by Zac Lomas, edited by Erik van Rheenen
The latter half of 2013 has been an exciting time in The Flatliners’ camp, with the release of a split, a full-length, and now an EP, all since the month of May. Their latest EP, which takes its name from the song “Caskets Full” off of their latest LP, Dead Language,is a burst of three songs, including the aforementioned “Caskets Full,” along with an unreleased track and the band’s tribute to Tony Sly.
“Caskets Full’s” macabre but energetic nature kick-starts the EP as vocalist Chris Cresswell’s delightfully brash baritone opens the song by shouting, “Turn all your pockets inside out / Confess your love to the concrete now / All the bitter hearts set to explode / Our ringing ears never hear a sound.” “Caskets Full” is the perfect intersection of gruff punk rock and soaring guitar leads, proving once again why The Flatliners continue to captivate audiences worldwide, while remaining true to their punk rock roots.
If “Caskets Full” stays true to the band’s punk rock roots, then “Wynford Bridge” gives a nostalgic nod to the early days of The Flatliners when their brand of ska-punk was slightly more ska-heavy than it is today. “Wynford Bridge” features the distinct up-strumming technique so prevalent in ska, but with a kickass dose of The Flatliners’ insatiable punk rock punch. The band pounds through the track as Paul Ramirez’ bellowing drums provide a raucous tempo that continues nonstop through the stellar track.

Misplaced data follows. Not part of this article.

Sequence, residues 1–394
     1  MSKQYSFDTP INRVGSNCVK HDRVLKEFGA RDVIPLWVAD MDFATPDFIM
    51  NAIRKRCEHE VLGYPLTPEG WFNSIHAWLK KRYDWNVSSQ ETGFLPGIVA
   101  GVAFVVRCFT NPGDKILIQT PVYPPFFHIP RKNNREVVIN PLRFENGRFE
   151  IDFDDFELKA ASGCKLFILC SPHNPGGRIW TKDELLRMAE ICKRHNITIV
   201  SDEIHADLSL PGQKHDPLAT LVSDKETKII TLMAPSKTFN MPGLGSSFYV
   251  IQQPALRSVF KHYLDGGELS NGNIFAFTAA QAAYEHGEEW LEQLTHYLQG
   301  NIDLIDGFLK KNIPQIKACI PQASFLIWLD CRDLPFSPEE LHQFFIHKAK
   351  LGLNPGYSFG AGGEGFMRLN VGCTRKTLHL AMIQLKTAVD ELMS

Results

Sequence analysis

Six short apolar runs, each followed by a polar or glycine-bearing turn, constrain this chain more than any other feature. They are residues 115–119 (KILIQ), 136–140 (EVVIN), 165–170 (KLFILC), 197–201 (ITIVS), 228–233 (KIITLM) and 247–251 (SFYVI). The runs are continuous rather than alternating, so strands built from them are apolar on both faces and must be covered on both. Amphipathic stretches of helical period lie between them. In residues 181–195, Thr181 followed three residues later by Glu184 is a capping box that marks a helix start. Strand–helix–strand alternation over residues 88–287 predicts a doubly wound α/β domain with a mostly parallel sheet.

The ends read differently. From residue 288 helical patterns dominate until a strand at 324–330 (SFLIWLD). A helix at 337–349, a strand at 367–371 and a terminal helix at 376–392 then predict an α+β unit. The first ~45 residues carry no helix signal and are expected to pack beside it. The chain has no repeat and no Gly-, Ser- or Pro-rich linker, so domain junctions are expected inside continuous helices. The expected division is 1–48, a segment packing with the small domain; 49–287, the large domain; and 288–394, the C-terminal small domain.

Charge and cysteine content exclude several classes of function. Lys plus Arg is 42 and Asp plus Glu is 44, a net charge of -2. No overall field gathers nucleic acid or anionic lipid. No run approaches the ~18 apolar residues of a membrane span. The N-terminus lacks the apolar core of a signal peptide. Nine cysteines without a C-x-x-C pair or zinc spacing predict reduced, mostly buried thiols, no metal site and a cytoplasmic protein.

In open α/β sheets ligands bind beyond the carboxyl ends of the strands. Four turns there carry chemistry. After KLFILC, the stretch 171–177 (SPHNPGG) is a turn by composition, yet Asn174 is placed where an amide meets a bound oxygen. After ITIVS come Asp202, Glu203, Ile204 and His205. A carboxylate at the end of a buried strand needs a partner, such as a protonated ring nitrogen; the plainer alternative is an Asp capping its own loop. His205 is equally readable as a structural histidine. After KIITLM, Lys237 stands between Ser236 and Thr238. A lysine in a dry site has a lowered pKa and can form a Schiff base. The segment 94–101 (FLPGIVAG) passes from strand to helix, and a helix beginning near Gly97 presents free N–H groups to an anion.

by Zac Lomas, edited by Erik van Rheenen
When I was a freshman in college, I took an unconventional spring break trip. Unlike my higher-brow peers who trekked as close to the equator as possible, I opted for a more modest destination, Pittsburgh. With my best friend Mooch in tow, we made our way to the Altar Bar to see Pittsburgh natives Anti-Flag play a hometown show. However, one of my fondest memories of that show occurred during the set before Anti-Flag, in which I, eagerly moshing to The Flatliners, fell on the hardwood floor and broke my elbow. With Dead Language,The Flatliners once again release the type of raucous punk album that leads to cracked elbows, bruised ribs, and smiling faces.
Dead Language is The Flatliners’ third album on Fat Wreck Chords, and this partnership is truly a match made in heaven, as the Ontario natives continue to lead the classic punk revival charge. The album opener “Resuscitation Of The Year” begins with a series of high-hat hits, accompanied by a melodically charged guitar lick, after which all hell breaks loose and the band crashes into a blistering punk beat, ramping up the BPMs to borderline insane levels. The songs acts as a proverbial kick-start to the album, warning listeners that nowhere in the past three years since Cavalcade was released did they decide to slow down. The song ends with the overtly Canadian line “Here goes nothing, eh?” that appears to be taken from either the infamous Trailer Park Boys television show or the annals of Bob and Doug MacKenzie.